Still, it is from this later vantage point, the view of the Johannine church towards the end of the 1st century, and not from the vantage of John, that we find reference to the incarnation of God’s word as a past event (1:14). From the perspective of John in the wilderness, however, the light had yet to break. In the same way, the Word had yet to “become flesh” and “tent among us.”

The second line of verse 14 confirms this point. The Word “became flesh and tented among us” with the result that or for the purpose that “we have seen his glory.” By means of John’s prophetic work, thrusting Jesus onto the national stage, God’s word was at last visible before the face of the Jewish people. Prior to John’s discovery of the Messiah the Word was still unknown, an invisible spirit without flesh and bone. But now, after that fateful baptism—a miracle of the spirit attested to by a most popular prophet (1:29-34)—the “word of life” can be “seen with our eyes” and “touched with our hands” (1 John 1:1).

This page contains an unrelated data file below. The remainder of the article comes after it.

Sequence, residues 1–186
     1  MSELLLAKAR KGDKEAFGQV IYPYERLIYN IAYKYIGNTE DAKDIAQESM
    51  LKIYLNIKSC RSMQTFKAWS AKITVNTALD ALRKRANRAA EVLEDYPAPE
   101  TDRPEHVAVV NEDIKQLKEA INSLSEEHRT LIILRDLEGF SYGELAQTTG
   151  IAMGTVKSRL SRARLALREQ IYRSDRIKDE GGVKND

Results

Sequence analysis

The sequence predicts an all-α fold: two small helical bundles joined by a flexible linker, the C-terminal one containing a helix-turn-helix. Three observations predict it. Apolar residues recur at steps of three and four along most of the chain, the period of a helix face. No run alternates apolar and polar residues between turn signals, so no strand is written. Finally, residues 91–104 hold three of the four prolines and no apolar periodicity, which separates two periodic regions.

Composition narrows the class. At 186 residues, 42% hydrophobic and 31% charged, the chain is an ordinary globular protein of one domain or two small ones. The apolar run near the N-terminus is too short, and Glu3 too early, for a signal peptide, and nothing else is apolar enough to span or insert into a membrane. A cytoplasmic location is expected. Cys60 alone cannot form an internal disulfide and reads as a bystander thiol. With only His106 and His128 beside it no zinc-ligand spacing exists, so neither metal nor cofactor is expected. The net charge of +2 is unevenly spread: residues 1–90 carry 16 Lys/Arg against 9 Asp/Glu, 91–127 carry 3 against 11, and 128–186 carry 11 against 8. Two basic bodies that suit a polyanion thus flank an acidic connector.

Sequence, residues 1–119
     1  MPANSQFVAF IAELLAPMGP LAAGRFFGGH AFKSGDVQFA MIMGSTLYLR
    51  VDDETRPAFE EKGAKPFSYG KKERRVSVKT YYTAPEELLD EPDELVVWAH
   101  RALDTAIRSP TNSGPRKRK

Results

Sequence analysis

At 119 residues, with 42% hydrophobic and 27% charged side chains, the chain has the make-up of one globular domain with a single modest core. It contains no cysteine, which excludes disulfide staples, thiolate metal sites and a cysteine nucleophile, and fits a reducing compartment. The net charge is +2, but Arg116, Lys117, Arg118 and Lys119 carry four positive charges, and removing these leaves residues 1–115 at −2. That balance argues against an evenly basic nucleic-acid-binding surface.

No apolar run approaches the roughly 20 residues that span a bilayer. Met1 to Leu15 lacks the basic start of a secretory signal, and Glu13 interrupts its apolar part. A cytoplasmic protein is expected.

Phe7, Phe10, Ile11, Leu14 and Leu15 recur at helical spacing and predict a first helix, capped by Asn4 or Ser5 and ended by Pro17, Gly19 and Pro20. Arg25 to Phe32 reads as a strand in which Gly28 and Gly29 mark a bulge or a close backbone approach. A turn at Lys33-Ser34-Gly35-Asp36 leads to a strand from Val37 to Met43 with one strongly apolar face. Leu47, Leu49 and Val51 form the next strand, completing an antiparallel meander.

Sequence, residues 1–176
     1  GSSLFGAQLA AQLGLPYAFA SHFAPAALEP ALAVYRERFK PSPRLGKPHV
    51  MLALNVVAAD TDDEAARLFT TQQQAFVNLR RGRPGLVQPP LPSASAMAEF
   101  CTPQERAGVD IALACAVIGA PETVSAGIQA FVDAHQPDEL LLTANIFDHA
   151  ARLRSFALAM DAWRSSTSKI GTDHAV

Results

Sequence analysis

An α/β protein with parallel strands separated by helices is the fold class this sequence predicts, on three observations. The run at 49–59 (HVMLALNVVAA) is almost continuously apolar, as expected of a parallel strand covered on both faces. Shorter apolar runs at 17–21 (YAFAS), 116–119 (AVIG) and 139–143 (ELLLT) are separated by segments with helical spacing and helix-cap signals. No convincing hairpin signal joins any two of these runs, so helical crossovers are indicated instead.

At issue here then is not a metaphysical transformation—of divine Word into human flesh—but a revelatory one—from a word unknown to a word disclosed, an imperceptible murmur to a comprehensible voice. Like a man entering the assembly or a tent pitched in the camp, God’s word appeared to Jacob in glory when Jesus came up from those waters endowed with startling power from heaven. Having come to wield this daimonic force against the unclean spirits plaguing Israel, his fame would “spread everywhere throughout all the surrounding region of Galilee” (Mark 1:28). God’s word had taken on flesh.

1—Nor in his childhood or humanity for that matter. John has no conception of the Athanasian dictum “That which [God the Son] has not assumed He has not healed.” The virgin birth, moreover, does not appear to have been a widespread or early tradition. Paul, along with Luke’s record of apostolic preaching in Acts, makes no reference to a special birth. 

2—See Andrew Perriman’s post When exactly did the Word become Flesh for more on this.

3 thoughts on “The word made flesh: An early daimonic christology